Test the IO performance of hard-disks/disks using Linux

Table of Contents

Measurements by means of dd

Measure writing performance. This test can also be used with CIFS and NFS and is relatively objective:

dd if=/dev/zero of=temp.bin bs=1M count=1024 conv=fdatasync,notrunc

The parameter fdatasync only ends the dd command when the data has been completely synced. Instead, you could also use oflag=dsync which also takes caches into account and waits until they have been written.

To test without a buffer, we recommend the parameter oflag=direct using dd. In addition, the write cache of the disc should deactivated using:

hdparm -W0 /dev/sda

It can be re-activated using:

hdparm -W1 /dev/sda

The reading performance can be obtained with the command

time dd if=/tmp/test.bin of=/dev/null bs=4k

bs should be matched to the source drive.

Before doing read tests, it is recommended to flush the read cache:

echo 3 | sudo tee /proc/sys/vm/drop_caches

In all tests, where caches play a role, the RAM’s performance is of course also decisive!

Determine data throughput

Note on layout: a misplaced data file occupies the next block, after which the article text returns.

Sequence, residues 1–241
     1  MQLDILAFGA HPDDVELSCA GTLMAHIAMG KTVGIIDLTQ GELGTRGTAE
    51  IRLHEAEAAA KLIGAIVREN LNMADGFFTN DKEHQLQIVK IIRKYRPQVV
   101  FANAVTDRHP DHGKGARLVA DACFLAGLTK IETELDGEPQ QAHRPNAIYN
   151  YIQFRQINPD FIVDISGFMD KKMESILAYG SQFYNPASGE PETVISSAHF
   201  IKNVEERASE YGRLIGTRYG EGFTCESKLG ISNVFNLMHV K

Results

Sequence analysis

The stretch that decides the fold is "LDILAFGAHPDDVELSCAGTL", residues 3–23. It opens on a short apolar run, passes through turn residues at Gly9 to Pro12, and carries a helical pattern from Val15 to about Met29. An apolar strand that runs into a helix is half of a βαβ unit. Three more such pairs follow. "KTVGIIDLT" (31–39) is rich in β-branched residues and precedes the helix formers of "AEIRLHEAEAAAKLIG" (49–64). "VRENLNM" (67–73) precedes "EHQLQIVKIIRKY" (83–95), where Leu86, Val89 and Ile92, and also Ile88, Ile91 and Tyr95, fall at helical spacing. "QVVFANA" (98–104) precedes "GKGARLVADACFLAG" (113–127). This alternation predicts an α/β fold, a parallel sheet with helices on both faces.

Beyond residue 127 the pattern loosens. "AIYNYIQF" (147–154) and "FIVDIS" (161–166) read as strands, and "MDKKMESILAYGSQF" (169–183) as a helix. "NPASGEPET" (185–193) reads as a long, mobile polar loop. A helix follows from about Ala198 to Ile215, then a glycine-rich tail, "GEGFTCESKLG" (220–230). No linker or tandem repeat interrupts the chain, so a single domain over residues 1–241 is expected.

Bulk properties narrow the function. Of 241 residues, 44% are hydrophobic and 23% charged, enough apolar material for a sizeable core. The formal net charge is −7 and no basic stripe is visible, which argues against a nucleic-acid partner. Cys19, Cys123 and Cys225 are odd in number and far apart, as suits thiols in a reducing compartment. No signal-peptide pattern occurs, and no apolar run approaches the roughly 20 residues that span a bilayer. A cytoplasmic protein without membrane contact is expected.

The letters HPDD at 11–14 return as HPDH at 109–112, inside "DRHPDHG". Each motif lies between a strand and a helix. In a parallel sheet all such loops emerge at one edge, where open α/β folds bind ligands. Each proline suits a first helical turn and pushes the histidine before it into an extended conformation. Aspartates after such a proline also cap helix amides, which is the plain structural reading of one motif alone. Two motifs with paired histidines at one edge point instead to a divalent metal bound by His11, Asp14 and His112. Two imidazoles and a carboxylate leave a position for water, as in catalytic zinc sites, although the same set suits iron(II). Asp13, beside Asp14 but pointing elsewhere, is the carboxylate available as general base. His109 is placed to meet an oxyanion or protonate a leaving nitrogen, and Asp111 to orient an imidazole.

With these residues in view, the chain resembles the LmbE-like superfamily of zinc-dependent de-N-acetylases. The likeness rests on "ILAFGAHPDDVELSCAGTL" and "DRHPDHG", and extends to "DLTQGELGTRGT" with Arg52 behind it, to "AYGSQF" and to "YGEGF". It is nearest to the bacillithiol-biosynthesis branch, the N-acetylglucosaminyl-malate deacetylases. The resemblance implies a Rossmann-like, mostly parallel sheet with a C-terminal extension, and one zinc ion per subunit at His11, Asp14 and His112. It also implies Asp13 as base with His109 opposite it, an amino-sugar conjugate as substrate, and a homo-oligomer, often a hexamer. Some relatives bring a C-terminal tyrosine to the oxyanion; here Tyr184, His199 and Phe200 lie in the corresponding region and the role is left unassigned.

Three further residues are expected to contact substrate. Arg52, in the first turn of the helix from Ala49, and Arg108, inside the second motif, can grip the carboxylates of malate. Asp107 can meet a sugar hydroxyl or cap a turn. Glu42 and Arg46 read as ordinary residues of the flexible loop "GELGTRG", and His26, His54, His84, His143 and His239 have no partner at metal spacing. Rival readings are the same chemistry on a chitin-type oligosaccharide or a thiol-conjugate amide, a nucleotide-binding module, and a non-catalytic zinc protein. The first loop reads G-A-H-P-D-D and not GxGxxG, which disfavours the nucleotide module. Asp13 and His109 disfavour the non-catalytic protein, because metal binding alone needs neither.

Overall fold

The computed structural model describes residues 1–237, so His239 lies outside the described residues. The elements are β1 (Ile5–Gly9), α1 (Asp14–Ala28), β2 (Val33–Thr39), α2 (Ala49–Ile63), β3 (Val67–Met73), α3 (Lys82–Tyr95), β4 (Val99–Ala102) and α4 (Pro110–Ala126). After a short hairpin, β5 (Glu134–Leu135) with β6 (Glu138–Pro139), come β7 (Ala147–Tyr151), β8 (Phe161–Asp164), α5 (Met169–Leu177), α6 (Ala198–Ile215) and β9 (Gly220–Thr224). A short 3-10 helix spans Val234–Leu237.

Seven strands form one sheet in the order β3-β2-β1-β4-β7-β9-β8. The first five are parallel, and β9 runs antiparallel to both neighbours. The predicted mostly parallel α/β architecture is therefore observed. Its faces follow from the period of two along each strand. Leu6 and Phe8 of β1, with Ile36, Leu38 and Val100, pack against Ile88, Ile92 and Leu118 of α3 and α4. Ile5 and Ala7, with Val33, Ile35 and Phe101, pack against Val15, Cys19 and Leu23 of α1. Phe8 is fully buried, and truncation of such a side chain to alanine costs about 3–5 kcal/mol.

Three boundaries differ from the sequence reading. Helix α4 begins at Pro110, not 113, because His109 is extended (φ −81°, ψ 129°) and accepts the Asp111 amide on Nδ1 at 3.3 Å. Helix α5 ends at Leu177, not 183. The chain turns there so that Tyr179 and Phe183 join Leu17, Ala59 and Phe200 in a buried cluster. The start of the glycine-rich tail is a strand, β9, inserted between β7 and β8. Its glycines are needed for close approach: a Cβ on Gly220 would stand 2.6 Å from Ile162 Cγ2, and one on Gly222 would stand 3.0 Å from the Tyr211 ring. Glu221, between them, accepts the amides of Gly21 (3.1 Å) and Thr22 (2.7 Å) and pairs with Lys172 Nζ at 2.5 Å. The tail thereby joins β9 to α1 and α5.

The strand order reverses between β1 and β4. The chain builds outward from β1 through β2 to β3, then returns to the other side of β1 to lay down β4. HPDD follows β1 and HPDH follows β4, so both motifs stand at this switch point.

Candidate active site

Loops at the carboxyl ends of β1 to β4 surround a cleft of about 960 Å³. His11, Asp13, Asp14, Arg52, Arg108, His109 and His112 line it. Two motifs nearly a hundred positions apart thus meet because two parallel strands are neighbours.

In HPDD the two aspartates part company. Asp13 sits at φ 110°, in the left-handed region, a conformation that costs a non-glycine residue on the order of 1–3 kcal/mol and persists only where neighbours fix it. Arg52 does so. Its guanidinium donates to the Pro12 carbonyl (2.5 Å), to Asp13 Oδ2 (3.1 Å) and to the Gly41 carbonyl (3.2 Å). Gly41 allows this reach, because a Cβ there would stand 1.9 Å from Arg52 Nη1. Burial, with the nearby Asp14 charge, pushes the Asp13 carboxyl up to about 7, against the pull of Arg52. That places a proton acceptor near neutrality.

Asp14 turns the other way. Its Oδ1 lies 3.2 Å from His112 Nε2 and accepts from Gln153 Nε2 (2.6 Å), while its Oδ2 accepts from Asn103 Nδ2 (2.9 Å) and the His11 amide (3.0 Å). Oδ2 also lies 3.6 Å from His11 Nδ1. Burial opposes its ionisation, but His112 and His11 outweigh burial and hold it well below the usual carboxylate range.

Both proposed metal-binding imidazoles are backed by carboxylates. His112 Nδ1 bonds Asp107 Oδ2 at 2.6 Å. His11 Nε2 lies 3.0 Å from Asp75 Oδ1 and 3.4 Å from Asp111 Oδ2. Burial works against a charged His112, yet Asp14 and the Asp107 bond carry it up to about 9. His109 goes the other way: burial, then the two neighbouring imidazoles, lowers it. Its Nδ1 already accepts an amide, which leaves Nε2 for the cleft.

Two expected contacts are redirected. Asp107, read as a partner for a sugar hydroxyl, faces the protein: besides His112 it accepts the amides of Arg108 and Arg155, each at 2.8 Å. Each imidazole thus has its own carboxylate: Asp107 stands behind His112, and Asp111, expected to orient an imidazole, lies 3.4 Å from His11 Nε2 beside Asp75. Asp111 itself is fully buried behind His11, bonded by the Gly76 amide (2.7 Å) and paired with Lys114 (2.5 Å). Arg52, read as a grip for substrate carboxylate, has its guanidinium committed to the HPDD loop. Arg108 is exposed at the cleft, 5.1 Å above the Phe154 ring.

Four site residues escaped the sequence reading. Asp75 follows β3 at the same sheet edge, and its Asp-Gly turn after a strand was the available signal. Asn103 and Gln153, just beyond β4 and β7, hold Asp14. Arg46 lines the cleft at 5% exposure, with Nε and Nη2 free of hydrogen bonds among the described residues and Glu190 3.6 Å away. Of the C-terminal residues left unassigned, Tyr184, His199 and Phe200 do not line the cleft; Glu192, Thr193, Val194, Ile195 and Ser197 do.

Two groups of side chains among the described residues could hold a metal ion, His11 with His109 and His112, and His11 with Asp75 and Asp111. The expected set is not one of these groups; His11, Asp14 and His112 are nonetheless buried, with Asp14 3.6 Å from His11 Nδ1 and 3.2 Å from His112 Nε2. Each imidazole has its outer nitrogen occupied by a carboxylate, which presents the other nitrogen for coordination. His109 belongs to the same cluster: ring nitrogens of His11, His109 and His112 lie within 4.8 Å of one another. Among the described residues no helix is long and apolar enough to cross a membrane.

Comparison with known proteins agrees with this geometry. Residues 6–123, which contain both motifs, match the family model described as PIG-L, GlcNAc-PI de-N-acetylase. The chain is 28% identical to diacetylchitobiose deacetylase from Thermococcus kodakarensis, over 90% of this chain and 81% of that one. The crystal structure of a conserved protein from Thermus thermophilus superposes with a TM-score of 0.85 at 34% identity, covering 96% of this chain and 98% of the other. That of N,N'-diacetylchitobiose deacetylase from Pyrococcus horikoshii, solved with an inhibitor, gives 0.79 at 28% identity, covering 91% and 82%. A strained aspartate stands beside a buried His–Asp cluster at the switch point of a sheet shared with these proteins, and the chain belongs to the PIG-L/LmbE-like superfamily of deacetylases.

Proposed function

This point complements the information above, but comes from a different source:

if=/dev/zero of=/tmp/test1.img bs=1G count=1 oflag=dsync

Determine latency

This point complements the information above, but comes from a different source:

dd if=/dev/zero of=/tmp/test2.img bs=512 count=1000 oflag=dsync

Measurements using hdparm

To test the performance of the cache, hdparm can be used.

hdparm -Tt /dev/sda

Using -t the performance of buffered read accesses is determined. This test primarily determines the performance between disk, kernel and chipset including system caches. The optional parameter --direct bypasses system caches and shows the direct data throughput between disk, kernel and chipset.

With -T the read cache is tested, this test does not make hard disk access because it only reads from the Linux buffer cache.

Created on April 7, 2022 by Andreas Wittmann

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